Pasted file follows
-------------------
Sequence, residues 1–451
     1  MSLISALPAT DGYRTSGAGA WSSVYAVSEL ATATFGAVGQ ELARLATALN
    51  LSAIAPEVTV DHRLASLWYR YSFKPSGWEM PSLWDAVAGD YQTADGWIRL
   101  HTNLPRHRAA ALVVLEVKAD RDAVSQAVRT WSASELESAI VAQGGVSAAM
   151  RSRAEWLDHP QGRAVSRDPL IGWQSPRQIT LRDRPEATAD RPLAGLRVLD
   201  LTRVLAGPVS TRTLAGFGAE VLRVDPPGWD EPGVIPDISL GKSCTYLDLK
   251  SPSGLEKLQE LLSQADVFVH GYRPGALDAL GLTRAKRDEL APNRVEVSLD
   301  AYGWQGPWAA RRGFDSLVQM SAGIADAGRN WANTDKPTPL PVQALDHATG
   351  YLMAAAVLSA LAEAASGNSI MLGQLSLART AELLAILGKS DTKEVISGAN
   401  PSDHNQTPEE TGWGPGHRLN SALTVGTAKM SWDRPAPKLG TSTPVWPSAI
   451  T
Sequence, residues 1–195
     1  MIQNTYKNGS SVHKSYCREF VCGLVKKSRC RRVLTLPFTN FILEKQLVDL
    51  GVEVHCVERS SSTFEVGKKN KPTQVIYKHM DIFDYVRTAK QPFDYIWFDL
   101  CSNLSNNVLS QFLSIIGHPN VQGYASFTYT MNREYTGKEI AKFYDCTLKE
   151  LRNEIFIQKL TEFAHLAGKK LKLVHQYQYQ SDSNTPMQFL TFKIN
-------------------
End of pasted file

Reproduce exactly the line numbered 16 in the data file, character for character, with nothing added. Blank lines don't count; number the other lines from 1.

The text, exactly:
   151  LRNEIFIQKL TEFAHLAGKK LKLVHQYQYQ SDSNTPMQFL TFKIN